For the final post in this series, I conclude with some of the most significant takeaways. This week covers the necessity of passion, my journey to productivity and organization, identifying what success means to you, and wrapping it all up with how and why I do what I do.
As usual, I encourage you to read on with an open mind.
Take what you need, leave what you don’t.
Lesson #29: Well-developed communication skills will take you far.
I would dare to say that good communication is perhaps the most crucial skill you can have in your personal skill set. It does not come naturally, either. Of course, some people may be born with a slight head start on the skillset. Perhaps their personality makes engaging with others a bit more natural, but generally speaking, communication skills require development.
Communication, at its simplest, is the act of transferring information from one place to another. It can be achieved in numerous ways. Often, communication is a combination of the following formats:
– vocally: using voice
– written: using printed or digital media such as books, magazines, websites, or emails
– visually: using logos, maps, charts, or graphs
– non-verbally: using body language, gestures, and the tone/pitch of voice
Communication is a two-way street. It involves both the transmission of information and the reception of information. How do you make sure your communications don’t get lost in translation?
Have you ever had a situation where you said something to someone, and you found out later it was received in a way you did not intend? I certainly have—many times. There have even been times where I’ve asked myself if I know how to communicate effectively with anyone because it seemed like no one understood what I was saying.
And, of course, being the little investigator that I am, I set out to find out why. This was when I began a journey of self-discovery, and it started with my personality type. I learned that my specific personality type has a really bad habit of expecting people to make intuitive leaps in their understanding.
For me, many things come intuitively in my knowledge. I can look at a situation and naturally see multiple ways it can play out, often 10 or 12 steps ahead. Some of that has come from experience, but much of it is because I’m naturally intuitive. When I learned this about myself, it helped me understand that I needed to be a little clearer when I laid out thoughts and ideas to others who may be less on the intuitive side. Even more, I began to learn about the different personalities around me and what their natural methods of communication were. I was shocked to learn that my personality only comprises about 3% of the total population. At that, only about 1% of the female population. I’m the rarity in certain things, so why should I expect others to conform to my methods? I should learn about them and how they best perceive information. If I know this, I can better communicate with them, and they can better understand me.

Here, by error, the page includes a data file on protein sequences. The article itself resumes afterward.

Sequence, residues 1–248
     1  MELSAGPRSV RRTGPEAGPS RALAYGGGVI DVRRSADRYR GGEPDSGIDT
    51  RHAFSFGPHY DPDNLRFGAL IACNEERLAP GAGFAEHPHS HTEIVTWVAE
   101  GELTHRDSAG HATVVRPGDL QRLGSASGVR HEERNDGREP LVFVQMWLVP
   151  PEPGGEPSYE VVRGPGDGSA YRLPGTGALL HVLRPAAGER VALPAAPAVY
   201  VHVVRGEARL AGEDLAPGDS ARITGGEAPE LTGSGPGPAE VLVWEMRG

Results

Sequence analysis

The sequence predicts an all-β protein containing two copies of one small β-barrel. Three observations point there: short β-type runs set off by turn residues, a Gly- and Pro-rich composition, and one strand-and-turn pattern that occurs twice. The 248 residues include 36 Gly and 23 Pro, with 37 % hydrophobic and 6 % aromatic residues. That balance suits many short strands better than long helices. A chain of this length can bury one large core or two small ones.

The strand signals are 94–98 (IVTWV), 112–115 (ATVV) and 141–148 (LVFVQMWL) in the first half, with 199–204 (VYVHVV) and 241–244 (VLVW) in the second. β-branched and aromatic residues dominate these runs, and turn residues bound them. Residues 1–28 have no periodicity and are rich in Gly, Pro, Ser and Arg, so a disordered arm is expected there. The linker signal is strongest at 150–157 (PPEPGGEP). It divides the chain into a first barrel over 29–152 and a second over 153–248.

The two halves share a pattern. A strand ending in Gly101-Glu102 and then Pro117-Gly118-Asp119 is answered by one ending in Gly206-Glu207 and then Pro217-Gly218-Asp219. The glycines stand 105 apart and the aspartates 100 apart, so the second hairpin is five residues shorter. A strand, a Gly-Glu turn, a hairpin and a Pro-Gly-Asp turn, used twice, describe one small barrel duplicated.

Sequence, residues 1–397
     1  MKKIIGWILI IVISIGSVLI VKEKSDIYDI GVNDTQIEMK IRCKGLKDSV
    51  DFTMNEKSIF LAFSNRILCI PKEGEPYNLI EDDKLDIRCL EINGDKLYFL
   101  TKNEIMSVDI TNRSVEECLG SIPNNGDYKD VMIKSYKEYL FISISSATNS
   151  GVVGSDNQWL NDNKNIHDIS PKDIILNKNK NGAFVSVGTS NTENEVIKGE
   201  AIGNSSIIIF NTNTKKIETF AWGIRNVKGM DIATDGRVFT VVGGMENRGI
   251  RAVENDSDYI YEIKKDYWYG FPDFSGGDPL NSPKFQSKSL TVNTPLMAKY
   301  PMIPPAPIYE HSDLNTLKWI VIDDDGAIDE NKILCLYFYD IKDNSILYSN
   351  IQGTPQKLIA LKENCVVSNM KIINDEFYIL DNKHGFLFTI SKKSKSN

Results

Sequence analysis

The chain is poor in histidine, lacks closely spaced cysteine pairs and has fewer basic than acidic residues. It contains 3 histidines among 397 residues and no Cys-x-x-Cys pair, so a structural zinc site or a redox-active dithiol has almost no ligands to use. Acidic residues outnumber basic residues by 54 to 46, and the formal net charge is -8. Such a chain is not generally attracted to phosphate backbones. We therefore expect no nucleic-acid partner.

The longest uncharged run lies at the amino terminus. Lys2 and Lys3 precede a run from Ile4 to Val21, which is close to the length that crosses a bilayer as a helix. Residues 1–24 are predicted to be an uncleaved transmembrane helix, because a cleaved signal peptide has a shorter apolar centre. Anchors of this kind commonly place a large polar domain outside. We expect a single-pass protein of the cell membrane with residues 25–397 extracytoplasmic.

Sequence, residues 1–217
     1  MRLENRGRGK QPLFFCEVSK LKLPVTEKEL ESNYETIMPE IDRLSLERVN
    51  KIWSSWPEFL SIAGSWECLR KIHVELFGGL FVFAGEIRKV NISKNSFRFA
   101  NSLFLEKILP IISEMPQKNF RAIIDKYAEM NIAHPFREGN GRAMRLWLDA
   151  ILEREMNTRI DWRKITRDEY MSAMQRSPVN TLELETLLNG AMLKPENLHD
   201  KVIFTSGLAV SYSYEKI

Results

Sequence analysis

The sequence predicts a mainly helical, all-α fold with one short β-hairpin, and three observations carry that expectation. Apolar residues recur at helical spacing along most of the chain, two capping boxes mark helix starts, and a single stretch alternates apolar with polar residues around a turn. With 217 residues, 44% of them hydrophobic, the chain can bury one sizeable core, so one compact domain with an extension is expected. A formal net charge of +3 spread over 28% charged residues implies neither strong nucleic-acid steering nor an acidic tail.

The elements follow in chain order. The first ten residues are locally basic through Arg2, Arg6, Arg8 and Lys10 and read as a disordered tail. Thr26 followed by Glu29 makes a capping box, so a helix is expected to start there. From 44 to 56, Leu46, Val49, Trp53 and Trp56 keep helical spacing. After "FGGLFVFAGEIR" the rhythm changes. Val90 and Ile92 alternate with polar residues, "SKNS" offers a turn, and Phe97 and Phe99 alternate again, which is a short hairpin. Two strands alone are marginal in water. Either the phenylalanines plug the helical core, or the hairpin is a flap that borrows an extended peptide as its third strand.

What’s even better? When others take the time to learn and understand my natural tendencies. Two people putting forth the same effort to communicate effectively with one another become incredibly efficient communicators.
Lesson #30: Critical thinking skills will afford you well.
Those who think critically tend to be instinctual problem-solvers. Albert Einstein once said: “It’s not that I’m so smart; it’s just that I stay with problems longer.” It’s also worth noting that this is the same guy who said that, when given an hour to solve a problem, he’d likely spend five minutes on the solution and the other 55 minutes defining and researching the problem. This kind of patience and commitment to truly understanding a problem is a mark of a true critical thinker. It’s the main reason why solid critical thinking ability is essential to being an effective problem-solver.